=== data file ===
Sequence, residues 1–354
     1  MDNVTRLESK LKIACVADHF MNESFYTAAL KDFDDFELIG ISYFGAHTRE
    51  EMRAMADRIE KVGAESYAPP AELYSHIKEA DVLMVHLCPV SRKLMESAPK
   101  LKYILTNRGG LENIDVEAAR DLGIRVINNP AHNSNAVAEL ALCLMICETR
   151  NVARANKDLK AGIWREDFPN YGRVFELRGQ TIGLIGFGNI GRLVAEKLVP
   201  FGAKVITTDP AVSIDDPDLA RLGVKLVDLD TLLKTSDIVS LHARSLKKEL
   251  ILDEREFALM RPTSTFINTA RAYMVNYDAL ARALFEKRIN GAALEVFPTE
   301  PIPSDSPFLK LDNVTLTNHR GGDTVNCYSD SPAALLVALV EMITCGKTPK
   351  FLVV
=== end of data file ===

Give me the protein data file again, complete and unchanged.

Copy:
Sequence, residues 1–354
     1  MDNVTRLESK LKIACVADHF MNESFYTAAL KDFDDFELIG ISYFGAHTRE
    51  EMRAMADRIE KVGAESYAPP AELYSHIKEA DVLMVHLCPV SRKLMESAPK
   101  LKYILTNRGG LENIDVEAAR DLGIRVINNP AHNSNAVAEL ALCLMICETR
   151  NVARANKDLK AGIWREDFPN YGRVFELRGQ TIGLIGFGNI GRLVAEKLVP
   201  FGAKVITTDP AVSIDDPDLA RLGVKLVDLD TLLKTSDIVS LHARSLKKEL
   251  ILDEREFALM RPTSTFINTA RAYMVNYDAL ARALFEKRIN GAALEVFPTE
   301  PIPSDSPFLK LDNVTLTNHR GGDTVNCYSD SPAALLVALV EMITCGKTPK
   351  FLVV